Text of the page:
Last Updated: June 17th, 2019
Dateline: Tivat, Montenegro
As those of you who are regular readers know, I use what I call the “trifecta strategy” to stay globally mobile while establishing bases in certain countries.
While I’m only in my mid-thirties, I sometimes joke that I’m already an old man. I just can’t handle the perpetual traveler lifestyle that I lived in my twenties.
So, I decided to pick a few of my favorite places and settle down, and that meant getting a couple of easy second residencies.
One of the places that I decided to do this was in Montenegro. Here, I was able to get a residence permit simply by buying property where I could then live during the pleasant summers here, and because the cost of living here is so low, I was able to get a nice place and a residence permit for well under $100,000.
You see, one of the easiest ways to establish residency in a country is to invest in real estate, but not all residency and citizenship by investment programs are created equal.
You might be able to get cheap real estate and an easy residence permit in a country like Cambodia, but if you’re anything like me, then you’re probably looking for a place that’s much more developed.
On the other hand, you can get residency by investment in much more livable countries through programs like the EU’s Golden Visas, but those programs can be expensive and inefficient. In fact, a growing number of Nomad Capitalists are trying to avoid the EU altogether thanks to its high taxes, onerous regulations, and high cost of living.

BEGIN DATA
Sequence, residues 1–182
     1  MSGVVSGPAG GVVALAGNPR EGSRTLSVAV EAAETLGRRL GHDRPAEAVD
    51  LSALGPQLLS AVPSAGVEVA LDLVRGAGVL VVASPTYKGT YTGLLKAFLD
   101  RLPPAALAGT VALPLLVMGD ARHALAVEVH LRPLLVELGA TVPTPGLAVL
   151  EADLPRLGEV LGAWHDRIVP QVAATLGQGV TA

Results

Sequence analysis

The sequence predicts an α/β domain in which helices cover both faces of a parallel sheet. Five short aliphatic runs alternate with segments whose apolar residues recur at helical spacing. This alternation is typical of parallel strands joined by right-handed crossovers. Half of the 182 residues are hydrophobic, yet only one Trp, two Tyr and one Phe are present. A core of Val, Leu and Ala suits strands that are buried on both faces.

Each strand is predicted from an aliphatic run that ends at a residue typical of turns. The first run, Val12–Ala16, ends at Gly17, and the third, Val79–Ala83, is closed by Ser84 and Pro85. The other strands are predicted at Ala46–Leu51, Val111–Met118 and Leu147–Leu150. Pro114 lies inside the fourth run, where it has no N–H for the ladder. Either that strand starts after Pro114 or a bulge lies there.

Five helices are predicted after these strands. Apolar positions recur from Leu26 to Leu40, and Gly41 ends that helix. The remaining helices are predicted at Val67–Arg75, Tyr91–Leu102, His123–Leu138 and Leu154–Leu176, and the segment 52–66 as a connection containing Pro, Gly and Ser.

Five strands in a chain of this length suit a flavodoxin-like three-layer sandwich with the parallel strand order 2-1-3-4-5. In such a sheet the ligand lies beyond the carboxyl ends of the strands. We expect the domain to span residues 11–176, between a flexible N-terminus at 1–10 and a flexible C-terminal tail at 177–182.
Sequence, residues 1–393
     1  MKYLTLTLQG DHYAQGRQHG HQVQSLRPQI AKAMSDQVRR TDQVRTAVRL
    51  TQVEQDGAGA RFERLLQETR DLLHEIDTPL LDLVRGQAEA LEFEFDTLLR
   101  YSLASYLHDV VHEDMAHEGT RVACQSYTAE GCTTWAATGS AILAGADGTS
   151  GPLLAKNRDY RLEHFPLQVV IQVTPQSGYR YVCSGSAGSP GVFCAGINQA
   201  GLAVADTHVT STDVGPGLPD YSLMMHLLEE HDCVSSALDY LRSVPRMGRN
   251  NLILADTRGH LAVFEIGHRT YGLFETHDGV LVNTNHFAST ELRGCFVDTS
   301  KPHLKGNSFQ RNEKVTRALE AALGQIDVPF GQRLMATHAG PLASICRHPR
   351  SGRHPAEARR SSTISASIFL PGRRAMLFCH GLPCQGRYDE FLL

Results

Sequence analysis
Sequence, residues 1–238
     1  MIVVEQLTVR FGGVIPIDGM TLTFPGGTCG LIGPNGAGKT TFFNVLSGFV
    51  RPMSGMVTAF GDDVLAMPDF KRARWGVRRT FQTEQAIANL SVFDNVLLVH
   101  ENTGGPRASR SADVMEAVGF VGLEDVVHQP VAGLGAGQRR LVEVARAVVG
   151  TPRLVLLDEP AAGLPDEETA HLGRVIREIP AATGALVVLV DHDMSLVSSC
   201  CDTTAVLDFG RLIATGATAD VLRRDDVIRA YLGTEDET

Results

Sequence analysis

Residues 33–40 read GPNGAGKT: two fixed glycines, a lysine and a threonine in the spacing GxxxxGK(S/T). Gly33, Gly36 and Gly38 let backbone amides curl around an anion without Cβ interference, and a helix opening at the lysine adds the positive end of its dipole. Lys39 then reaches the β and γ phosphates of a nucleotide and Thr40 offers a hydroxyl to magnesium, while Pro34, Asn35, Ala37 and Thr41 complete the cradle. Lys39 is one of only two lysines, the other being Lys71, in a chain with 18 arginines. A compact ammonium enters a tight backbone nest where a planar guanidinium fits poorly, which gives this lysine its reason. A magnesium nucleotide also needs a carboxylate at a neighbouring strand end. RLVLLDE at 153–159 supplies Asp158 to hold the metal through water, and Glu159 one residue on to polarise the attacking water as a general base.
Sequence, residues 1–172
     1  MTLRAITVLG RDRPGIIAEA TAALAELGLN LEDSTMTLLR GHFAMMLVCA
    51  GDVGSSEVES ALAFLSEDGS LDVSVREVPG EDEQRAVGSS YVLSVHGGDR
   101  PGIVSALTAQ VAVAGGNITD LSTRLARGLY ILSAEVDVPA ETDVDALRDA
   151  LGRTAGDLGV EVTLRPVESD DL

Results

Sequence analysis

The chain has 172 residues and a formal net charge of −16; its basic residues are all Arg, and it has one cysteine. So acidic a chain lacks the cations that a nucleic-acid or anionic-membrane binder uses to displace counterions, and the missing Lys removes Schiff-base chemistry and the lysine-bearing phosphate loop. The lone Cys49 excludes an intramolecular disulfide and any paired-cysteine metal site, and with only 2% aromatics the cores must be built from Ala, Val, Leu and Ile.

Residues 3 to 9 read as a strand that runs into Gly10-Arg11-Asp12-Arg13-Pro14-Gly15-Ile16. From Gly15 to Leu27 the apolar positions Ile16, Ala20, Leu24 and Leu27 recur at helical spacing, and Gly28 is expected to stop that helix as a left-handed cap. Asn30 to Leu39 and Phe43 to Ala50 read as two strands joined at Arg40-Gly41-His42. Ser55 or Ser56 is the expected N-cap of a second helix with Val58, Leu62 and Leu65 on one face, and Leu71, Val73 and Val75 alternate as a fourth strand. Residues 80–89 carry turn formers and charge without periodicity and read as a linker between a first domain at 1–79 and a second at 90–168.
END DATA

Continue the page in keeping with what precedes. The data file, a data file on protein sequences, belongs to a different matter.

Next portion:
Unless your heart is set on an EU residency, then you’ll find much better options in emerging countries in Eastern Europe, Latin America, and Asia. For example, why invest 250,000 euros in bankrupt Greece just because it’s an EU country when nearby Montenegro offers residency for a fraction of the price?
So, if you’re willing to venture off the beaten path, then you may want to consider the residencies in this article. There are plenty of “hidden gems” around the world with lower investment minimums and shorter application processing times, and some of these countries offer the chance to obtain a second passport through naturalization, too.
As you read through this list, however, keep in mind that the landscape is always changing in the realm of second residencies and citizenships, and as a result, some of these numbers may change. In fact, since I originally published this list in 2017, Georgia upped its minimum investment from $35,000 to $100,000.
The world of second residency is always in flux, so my team and I will do our best to keep abreast of any changes to these residency by investment programs.
So, in this article, we’ll discuss why you should consider getting residency by investing in cheap real estate as well as 12 countries where you can do that rather easily.
The Benefits of Residency by Investment in Cheap Real Estate
If you’re looking for a place to live, a place to invest, or a way to boost your tax strategy, getting an easy second residency by investing in cheap real estate can surely benefit you.